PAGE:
Malcolm Gladwell’s comments about why more workers should be returning to the office rather than working from home riled up the industry last week. Tamara Littleton, chief executive officer and founder of The Social Element, explains her feelings.
As chief exec and founder of a company that has been fully remote for 20 years, hearing Malcolm Gladwell’s take on WFH on The Diary of a CEO podcast was... disappointing. In fact, it made me angry.
The idea that we need to be in an office for eight hours a day and five days a week, leaving little time for the other things in life that make us happy, is outdated. His argument that people need to feel a sense of belonging at work otherwise ‘what’s the point?’ makes me wonder – why do we still assume people can only feel a sense of purpose and belonging at work when they leave their homes?
The aftermath of the pandemic has shown us that employees want access to hybrid or fully remote working models, and rightly so. This isn’t because they want to work in their pajamas (this is an outdated view and simply not true for our agency and the myriad of people I know who work from home), it’s because they want choice and flexibility.
What people actually do is work in a way that suits them, as different people with varying needs. I think it’s time for companies to recognize the days of persuading employees to work overtime in return for free beer and pizza are long gone. This doesn’t make them feel valued or part of a team – these are issues that need to be addressed systematically, via strong employee support, commitment to a positive culture and help to create work-life boundaries.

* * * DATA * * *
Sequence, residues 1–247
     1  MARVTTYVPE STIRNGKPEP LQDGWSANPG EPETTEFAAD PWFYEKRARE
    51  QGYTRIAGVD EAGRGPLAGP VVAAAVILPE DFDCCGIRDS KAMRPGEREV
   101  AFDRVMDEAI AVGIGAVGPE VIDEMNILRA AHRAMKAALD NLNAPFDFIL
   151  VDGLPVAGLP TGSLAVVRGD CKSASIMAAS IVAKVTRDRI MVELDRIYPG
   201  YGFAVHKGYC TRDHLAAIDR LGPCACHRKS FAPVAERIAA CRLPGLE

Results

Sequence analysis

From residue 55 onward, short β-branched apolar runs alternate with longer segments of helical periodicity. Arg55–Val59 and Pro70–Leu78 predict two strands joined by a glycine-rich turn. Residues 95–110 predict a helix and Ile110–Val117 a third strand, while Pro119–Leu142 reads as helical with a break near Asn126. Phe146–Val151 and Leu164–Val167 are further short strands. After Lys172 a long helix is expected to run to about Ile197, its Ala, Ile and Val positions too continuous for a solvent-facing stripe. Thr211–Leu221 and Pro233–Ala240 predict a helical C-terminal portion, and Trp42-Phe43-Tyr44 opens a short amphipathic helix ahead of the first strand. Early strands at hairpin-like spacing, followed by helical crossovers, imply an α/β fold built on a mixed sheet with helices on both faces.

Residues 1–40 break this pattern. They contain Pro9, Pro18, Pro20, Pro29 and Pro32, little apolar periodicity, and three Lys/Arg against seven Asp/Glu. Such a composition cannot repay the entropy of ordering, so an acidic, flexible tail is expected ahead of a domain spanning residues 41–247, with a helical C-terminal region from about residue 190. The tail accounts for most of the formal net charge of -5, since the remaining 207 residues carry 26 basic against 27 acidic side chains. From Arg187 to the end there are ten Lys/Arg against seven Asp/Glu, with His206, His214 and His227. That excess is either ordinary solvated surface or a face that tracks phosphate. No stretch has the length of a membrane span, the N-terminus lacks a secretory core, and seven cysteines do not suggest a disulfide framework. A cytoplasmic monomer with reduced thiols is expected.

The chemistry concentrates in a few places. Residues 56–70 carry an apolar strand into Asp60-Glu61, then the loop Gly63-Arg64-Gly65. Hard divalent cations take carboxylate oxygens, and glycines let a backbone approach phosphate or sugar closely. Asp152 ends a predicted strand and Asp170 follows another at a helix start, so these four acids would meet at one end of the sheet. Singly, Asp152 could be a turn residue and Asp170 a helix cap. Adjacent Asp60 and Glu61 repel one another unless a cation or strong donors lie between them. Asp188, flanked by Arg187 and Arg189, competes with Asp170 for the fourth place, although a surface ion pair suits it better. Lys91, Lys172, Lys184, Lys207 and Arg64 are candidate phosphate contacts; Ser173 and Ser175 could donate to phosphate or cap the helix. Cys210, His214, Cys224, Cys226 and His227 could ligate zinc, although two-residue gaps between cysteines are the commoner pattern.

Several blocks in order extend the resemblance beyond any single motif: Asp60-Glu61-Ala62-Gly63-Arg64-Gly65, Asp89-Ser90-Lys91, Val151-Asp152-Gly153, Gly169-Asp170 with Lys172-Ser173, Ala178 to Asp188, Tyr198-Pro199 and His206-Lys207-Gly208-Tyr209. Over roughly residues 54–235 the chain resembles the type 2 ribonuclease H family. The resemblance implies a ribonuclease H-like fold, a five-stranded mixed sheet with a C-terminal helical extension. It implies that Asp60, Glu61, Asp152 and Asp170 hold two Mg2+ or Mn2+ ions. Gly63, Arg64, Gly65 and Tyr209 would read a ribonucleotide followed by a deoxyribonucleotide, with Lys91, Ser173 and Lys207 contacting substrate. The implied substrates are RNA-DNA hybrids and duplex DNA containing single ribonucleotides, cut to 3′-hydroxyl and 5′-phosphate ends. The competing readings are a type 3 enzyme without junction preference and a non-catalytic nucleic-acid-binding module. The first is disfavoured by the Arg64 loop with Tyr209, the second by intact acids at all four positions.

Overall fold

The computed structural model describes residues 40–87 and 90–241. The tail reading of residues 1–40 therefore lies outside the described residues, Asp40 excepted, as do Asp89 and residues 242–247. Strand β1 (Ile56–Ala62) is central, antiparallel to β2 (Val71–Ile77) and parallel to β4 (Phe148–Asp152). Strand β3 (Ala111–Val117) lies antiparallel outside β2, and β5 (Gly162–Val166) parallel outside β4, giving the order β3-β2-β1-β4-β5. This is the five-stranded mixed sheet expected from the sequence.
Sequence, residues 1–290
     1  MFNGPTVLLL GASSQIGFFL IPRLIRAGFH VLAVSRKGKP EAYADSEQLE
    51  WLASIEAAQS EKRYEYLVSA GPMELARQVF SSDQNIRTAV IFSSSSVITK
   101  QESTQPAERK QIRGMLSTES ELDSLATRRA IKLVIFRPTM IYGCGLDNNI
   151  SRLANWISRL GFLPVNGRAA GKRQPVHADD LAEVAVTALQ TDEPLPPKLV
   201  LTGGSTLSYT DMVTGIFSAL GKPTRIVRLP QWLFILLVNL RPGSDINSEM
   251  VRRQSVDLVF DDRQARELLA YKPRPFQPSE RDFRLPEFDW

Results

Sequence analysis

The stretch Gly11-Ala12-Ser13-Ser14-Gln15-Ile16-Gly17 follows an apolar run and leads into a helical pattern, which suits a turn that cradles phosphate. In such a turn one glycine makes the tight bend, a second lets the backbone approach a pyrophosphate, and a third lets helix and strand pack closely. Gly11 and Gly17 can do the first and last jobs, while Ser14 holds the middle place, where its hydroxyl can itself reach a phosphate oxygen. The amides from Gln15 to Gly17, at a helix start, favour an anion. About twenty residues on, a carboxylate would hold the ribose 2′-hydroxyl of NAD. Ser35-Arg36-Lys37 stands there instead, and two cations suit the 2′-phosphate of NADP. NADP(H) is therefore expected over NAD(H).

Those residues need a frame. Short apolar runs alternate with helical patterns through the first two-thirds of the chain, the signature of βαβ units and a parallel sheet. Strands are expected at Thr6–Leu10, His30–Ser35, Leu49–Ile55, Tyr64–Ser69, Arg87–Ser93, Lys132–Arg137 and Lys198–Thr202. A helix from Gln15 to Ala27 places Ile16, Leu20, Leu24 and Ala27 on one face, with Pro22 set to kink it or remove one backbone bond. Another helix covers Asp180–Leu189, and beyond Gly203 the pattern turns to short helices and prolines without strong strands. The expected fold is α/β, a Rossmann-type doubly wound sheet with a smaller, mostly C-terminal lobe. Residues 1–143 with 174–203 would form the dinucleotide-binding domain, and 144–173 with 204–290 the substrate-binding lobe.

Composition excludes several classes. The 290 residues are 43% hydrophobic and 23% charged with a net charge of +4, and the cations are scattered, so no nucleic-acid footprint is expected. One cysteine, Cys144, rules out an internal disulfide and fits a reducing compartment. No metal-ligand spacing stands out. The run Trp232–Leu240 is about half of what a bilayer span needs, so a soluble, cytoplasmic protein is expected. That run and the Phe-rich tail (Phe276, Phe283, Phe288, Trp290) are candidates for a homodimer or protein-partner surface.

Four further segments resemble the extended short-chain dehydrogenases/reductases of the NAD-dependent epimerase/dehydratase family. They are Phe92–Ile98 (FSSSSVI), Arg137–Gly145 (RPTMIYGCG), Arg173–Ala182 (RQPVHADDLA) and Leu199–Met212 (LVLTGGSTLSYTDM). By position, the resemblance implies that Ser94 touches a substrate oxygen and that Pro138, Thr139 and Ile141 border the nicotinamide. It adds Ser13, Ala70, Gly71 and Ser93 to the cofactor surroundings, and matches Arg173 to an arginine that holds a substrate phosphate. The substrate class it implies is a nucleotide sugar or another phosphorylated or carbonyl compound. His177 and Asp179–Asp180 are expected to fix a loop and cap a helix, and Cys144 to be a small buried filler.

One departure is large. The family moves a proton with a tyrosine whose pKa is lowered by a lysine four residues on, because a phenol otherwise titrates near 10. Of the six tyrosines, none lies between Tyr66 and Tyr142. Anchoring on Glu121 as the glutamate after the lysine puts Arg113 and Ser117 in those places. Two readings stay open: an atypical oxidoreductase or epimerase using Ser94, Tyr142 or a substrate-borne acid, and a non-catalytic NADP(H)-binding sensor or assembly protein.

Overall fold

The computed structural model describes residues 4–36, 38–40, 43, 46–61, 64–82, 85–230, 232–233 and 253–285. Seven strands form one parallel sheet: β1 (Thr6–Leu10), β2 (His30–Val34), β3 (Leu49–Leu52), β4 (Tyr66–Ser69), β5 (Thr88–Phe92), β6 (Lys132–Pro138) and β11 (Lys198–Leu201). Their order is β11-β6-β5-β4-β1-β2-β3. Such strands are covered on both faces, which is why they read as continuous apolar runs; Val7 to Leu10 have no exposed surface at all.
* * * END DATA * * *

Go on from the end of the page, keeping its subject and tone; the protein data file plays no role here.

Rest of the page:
The benefits of having a remote work option are huge. It’s allowed us at The Social Element to have access to a wider talent pool, and employ people who can’t come into an office for whatever reason. It’s also given us the ability to provide expertise to our clients in multiple countries while having a fully connected team.
We’ve been able to employ parents who need the flexibility to work and also be there to collect their kids from school and swimming lessons. We’ve been able to hire neurodiverse employees who prefer to work in a familiar and peaceful environment. Recognizing everyone’s preferred methods and styles of working is what creates real belonging and purpose in the workplace. It makes employees feel seen, heard and – most importantly – understood.
After 20 years of having a remote model, we’ve learned how to ensure people feel part of a team, as we know that working from home can lead to isolation. That’s why we were committed to crafting the processes and communication to combat this, so that people feel truly connected, which has led to a lower than industry average churn rate. This comes from a variety of measures, like ‘hub’ meet-ups in different cities that occur regularly, or working groups that bring together advocates for groups, such as working parents or our LGBTQ+ community, to help us foster an inclusive environment.
While it is important, as humans, to have face-to-face time and acknowledge in-person social cues, it doesn’t have to be every day. Video calls and online chats can work just as well if used correctly, and allow the build of intimacy and trust.
It’s still possible to have a remote-first culture combined with in-person meetings and collaboration on an as-needed basis. We need to adapt as times change, and understand that there are so many reasons people may not want to be in an office five days a week.
Companies that stick to the outdated philosophy that we need to be in an office to feel a sense of purpose will be the Blockbusters of the past when we all look back.